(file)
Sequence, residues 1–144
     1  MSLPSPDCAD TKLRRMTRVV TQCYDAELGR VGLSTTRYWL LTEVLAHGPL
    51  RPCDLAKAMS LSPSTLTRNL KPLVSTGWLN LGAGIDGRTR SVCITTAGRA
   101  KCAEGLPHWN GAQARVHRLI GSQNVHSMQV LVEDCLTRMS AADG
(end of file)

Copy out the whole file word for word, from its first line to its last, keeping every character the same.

Sequence, residues 1–144
     1  MSLPSPDCAD TKLRRMTRVV TQCYDAELGR VGLSTTRYWL LTEVLAHGPL
    51  RPCDLAKAMS LSPSTLTRNL KPLVSTGWLN LGAGIDGRTR SVCITTAGRA
   101  KCAEGLPHWN GAQARVHRLI GSQNVHSMQV LVEDCLTRMS AADG